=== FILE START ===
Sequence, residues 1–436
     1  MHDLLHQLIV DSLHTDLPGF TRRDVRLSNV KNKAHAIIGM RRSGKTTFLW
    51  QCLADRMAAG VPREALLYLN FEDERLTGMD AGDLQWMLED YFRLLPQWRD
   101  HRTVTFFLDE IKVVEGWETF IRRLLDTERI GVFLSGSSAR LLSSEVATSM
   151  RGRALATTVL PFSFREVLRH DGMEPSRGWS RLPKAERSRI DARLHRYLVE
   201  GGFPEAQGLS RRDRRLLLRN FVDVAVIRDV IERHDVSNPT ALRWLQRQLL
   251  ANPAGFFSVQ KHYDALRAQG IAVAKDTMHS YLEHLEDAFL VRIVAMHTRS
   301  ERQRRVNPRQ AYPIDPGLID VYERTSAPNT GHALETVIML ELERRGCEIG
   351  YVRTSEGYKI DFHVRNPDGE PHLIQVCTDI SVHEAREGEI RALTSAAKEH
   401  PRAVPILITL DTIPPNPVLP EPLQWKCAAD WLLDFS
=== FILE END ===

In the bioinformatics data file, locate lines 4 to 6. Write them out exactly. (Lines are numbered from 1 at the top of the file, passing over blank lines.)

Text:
   101  HRTVTFFLDE IKVVEGWETF IRRLLDTERI GVFLSGSSAR LLSSEVATSM
   151  RGRALATTVL PFSFREVLRH DGMEPSRGWS RLPKAERSRI DARLHRYLVE
   201  GGFPEAQGLS RRDRRLLLRN FVDVAVIRDV IERHDVSNPT ALRWLQRQLL